The rapid growth in freshman applicants to UC over the past two decades demonstrates the increased demand for college education, the growth of California’s population and UC’s continued popularity. UC maintains its obligations under the Master Plan by guaranteeing admission to all qualified students.

From 2011 to 2017, unduplicated freshman applicants grew 62 percent (or about eight percent per year) from about 106,000 to about 172,000, compared to a 42 percent increase in the seven-year period between 2004 and 2011 (or about five percent per year) from about 75,000 to 106,000. The 62 percent growth represents about 66,000 applicants, including about 27,000 California residents.

Qualified applicants who are not offered admission at the campus(es) to which they applied to are offered admission to another campus by a referral process. A change in accounting for referral students is responsible for the apparent drop in 2011 admits. Beginning that year, UC Merced admitted only students who indicated interest in a referral offer, rather than every student who qualified for an offer.

Most campuses admit less than half of applicants. Many applicants apply to more than one UC campus. In fall 2017, each UC applicant applied to an average of 3.7 campuses. Freshman applicants increased on all campuses in fall 2017. For data tables on UC freshman applicants, admits and enrollees by campus over time see: universityofcalifornia.edu/infocenter/admissions-residency-and-ethnicity.

1 Admits and enrollees here include applicants guaranteed admission who are not offered admission at a campus to which they applied but who are referred to and admitted by another campus. Some campuses admit fall applicants for a subsequent term (winter or spring). These “rollover” admits and enrollees are excluded in the graphs. Students who apply to multiple UC campuses are counted only once in the Universitywide indicator.




Transfer admits and enrollees continued to increase in 2017.

1.1.2 Transfer applicants, admits and enrollees, UC campuses, Fall 1994 to 2017

Transfer applicants, admits and enrollees

Source: UC Data Warehouse1

Applications went down, but admits and enrollees increased in 2017 as the University continued to increase California resident enrollment. Over 38,000 transfer students applied, nearly 27,000 were admitted and over 20,000 enrolled in fall 2017. Consistent with UC’s commitment to transfer students from California Community Colleges (CCCs), the fall enrollment of new CCC California resident transfers has nearly doubled since 1994 (from 8,400 to 16,300).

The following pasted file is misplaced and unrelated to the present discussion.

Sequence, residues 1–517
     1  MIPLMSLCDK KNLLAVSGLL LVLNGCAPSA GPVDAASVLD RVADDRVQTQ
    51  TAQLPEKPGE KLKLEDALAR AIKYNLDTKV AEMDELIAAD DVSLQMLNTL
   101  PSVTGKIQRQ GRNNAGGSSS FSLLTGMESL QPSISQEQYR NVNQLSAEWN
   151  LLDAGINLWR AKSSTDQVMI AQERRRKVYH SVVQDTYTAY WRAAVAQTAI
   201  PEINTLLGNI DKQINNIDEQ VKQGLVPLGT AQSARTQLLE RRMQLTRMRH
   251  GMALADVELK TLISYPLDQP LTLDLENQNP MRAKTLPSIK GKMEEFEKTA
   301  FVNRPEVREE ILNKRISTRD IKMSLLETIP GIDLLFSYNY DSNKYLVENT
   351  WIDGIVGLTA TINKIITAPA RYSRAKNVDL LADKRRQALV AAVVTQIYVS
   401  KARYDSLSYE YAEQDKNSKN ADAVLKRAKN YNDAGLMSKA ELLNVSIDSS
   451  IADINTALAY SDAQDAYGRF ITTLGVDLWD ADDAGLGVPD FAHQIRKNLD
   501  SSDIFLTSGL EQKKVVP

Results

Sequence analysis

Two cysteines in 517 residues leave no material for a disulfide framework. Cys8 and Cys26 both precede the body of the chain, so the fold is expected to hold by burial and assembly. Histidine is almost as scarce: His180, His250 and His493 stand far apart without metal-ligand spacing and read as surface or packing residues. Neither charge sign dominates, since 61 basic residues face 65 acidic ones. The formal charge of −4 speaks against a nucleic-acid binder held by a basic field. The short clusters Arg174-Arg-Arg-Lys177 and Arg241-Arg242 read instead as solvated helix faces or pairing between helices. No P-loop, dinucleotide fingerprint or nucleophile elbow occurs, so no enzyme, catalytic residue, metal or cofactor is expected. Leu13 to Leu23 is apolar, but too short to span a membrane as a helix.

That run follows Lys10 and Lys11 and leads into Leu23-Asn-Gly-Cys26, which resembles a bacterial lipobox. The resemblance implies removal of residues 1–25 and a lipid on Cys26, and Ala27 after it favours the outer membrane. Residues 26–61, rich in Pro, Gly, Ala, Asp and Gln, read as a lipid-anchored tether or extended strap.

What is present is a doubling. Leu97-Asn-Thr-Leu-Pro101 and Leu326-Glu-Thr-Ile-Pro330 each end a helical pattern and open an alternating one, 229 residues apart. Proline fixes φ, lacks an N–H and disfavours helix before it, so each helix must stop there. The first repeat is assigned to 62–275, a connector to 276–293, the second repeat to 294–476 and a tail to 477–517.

A key recommendation in the 2014 Transfer Action Team Report was to streamline the transfer process for prospective UC students. This led to the creation of the UC Transfer Pathways, which identify a common set of lower-division courses for each of UC’s 21 most popular majors among transfer applicants. These new Transfer Pathways present a clear roadmap for prospective transfers to prepare for their major: 

TRANSFER PATHWAYS MAJORS
Anthropology Economics Philosophy
Biochemistry Electrical engineering Physics
Biology English Political science
Business administration Film and media studies Psychology
Cell biology History Sociology
Chemistry Mathematics  
Communication Mechanical engineering  
Computer science Molecular biology  

For fall 2017, the initial year of the Transfer Pathways, almost 80 percent of those indicating Pathway-based preparation were admitted and enrolled. They represented 46 percent of all CCC admits and 47percent of all CCC enrollees. Many of these students also participated in other preparatory programs such as Transfer Admissions Guarantee (TAG) and Intersegmental General Education Transfer Curriculum (IGETC).

For data tables on UC transfer applicants, admits and enrollees by campus see:
www.universityofcalifornia.edu/infocenter/admissions-residency-and-ethnicity.

1Admits and enrollees here include the referral pool. Some campuses admit fall applicants for a subsequent term (winter or spring). These “rollover” admits and enrollees are excluded in the graphs here, which only show fall data.




UC continues to work toward achieving its goal of a 2:1 ratio of California resident freshmen to transfer students.

1.1.3      New freshmen and transfer students, Universitywide, 2008–09 to 2017–18 

Transfer applicants, admits and enrollees, Universitywide

Source: UC Corporate Student System and UC campuses1

The Master Plan calls for UC to accommodate all qualified resident California Community College (CCC) transfer students. It specifies that the University maintain at least a 60:40 ratio of upper-division (junior- and senior-level) to lower-division (freshman- and sophomore-level) students to ensure adequate upper-division spaces for CCC transfers. To do so, UC aims to enroll one new California resident transfer student for every two new California resident freshmen, or 67 percent new resident freshmen to 33 percent new resident transfer students. UC has moved closer to that ratio, from 2.3:1 in recent years to 2.1:1 in 2017–18 (universitywide). Excluding Merced, the ratio in 2017-18 is estimated to be 2.0:1, meeting the systemwide goal.2 Nearly all (95 percent) of California resident transfer students in fall 2016 came from CCCs.